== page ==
If your goal is to detox your system, don’t waste your time or money. Your body is an expert at getting rid of toxins no matter what you eat. Toxins don’t build up in your liver, kidneys, or any other part of your body, and you’re not going to get rid of them with the latest detox wonder. Especially avoid diets that promise to detox your liver with supplements or “cleanse” whatever the diet determines needs washing out.

And though some of these detox diets may result in minor weight loss through calorie restriction, the weight will likely be regained at the conclusion of the diet. These diets are not sustainable, healthy or recommended.

But there is a healthy way to actually detox your body. It’s a secret that can radically transform the quality of your life. And it’s free.

Many of the same people that I see on detox diets routinely fill their bodies with alcohol, processed foods, sugars and other unhealthy substances. Some of them even smoke.

So here’s the secret: If you don’t want toxins in your body, don’t put them there in the first place.

Eat more fruits and veggies. Select lean meats. Opt for whole grains. Eliminate processed foods and sugars. Don’t get shitfaced at the club or do drugs. How beautiful is that?

And if you do over indulge, treat yourself to plenty of water, a good night’s sleep and a balanced diet. Your body will do the rest. No $300 detox diet needed.

Love,
Davey

P.S. If you’re looking to lose excess body fat with a science-based and time-tested strategy that works, download Davey Wavey’s Weight Loss Program to get started today.

How Long Does It Take To Lose Muscle?

Dear Davey,

I am not allowed workout for almost 2 weeks due to doctors orders. I normally workout 5 days out of the week with cardio and/or weight training. I am in good shape currently, but sightly worried I will lose time and muscle mass by not being able to go workout for this long and I have never gone this long without working out. All I can do is walk.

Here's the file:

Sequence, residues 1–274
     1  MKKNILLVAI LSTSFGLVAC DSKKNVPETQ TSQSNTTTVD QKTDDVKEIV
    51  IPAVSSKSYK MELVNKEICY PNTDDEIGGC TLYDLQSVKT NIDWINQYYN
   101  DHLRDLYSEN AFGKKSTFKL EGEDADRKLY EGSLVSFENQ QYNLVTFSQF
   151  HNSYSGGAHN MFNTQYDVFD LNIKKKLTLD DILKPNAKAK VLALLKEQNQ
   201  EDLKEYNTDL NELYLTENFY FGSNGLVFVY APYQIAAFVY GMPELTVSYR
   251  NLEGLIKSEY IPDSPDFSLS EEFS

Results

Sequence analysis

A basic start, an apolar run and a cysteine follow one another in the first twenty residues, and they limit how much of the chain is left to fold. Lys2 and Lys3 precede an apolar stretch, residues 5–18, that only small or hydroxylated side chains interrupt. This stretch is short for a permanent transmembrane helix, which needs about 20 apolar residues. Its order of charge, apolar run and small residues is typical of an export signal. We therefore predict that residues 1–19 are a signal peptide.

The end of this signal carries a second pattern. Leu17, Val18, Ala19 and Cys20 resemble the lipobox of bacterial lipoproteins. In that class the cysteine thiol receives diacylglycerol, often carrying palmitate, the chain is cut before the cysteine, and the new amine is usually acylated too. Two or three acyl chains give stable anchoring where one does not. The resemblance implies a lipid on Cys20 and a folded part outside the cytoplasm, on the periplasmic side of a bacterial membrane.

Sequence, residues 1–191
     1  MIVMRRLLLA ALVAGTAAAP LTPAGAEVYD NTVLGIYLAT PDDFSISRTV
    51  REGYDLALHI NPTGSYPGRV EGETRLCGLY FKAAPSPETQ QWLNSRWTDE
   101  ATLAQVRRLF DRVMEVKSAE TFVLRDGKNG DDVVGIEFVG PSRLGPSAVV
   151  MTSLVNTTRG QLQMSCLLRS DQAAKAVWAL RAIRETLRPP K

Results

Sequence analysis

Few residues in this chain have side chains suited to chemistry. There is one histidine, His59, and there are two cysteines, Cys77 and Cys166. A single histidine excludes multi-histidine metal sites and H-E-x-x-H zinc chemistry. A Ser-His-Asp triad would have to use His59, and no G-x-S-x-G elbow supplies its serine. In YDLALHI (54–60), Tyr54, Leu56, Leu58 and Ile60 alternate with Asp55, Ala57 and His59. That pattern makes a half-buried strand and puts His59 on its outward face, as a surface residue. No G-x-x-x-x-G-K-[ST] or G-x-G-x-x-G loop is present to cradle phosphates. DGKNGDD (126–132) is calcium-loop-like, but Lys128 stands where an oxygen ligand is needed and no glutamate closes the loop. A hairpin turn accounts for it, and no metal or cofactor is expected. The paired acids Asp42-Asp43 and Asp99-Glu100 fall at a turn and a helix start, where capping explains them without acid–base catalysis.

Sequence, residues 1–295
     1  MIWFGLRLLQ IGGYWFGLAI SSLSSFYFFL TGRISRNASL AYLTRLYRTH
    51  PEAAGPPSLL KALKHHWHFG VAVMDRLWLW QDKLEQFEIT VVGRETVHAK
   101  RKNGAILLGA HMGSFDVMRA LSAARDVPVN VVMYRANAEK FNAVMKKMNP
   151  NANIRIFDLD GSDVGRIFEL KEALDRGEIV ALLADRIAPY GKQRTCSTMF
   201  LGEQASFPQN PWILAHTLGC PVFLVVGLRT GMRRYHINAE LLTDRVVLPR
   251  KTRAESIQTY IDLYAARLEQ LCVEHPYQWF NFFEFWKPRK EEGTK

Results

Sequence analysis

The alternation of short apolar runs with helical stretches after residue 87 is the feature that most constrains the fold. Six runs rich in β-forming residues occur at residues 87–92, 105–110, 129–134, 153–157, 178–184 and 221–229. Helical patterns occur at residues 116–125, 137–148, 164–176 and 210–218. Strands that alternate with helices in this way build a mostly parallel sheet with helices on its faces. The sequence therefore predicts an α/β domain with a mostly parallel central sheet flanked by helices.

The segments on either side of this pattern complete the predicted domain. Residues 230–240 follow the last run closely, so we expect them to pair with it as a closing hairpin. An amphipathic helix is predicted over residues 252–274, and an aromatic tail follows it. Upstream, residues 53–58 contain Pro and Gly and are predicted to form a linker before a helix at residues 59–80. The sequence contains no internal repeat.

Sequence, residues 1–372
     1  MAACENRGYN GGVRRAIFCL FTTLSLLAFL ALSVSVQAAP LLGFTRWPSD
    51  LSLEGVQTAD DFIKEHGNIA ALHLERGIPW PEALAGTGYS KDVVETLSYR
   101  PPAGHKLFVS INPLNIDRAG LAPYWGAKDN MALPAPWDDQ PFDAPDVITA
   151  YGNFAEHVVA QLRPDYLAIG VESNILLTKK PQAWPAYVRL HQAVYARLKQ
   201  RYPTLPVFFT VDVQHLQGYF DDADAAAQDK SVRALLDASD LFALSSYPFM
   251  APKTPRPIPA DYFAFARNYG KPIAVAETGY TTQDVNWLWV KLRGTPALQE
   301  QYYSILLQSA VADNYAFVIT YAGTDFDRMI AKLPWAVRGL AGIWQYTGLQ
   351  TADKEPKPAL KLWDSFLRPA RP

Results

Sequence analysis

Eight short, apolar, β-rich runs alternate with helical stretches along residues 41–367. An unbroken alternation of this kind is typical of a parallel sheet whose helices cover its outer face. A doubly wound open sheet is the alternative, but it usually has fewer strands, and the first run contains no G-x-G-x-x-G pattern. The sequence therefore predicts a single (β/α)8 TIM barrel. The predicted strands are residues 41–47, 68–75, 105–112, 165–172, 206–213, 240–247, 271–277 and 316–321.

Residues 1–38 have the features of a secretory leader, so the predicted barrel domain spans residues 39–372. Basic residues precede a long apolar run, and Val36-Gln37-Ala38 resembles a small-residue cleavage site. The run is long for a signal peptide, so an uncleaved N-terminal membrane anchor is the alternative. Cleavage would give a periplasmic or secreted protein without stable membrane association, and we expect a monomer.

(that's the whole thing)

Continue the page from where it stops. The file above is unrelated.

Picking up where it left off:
What is the time frame you start losing muscle?

maxresdefaultThanks,
Mike

Hey Mike,

For a committed exerciser, skipping a few weeks of the gym is a scary prospect. Our muscles, strength and performance are hard earned – and we don’t want to take steps backwards. As such, recovery from surgery, an injury or even a gym-less vacation can set of warning lights.

As it turns out, several factors contribute to how quickly you’ll lose muscle including age and fitness level.

According to a study in the Journal of Applied Physiology, competitive athletes start experiencing atrophy (muscle loss) after 2 – 4 weeks of detraining. For more recreational athletes, atrophy and decreased strength occur after 12 weeks of detraining. That’s three months!

A separate Australian study found that minor atrophy started occurring in subjects after 3 weeks.

And a Japanese study compared two different groups of exercisers. The first group exercised continuously for 15 weeks. The second group did 6 weeks of training, took a three week rest and then trained again for six weeks. At the end of the study, muscle size and one rep max was the same for both groups.

In other words, missing a few weeks isn’t a big deal once or twice a year. In fact, it can actually be a good thing – and it can give your body and your muscles some much-needed and well-deserved rest.

The key to detraining, however, is your ability to bounce back. Once you return from your vacation or recover from surgery, get back into the swing of things. Don’t let your break deter you from your goals or dampen your motivation.

Love,
Davey

P.S. If you’re having trouble increasing the size of your muscles, download Size Matters: Davey Wavey’s Foolproof Guide to Building Muscle.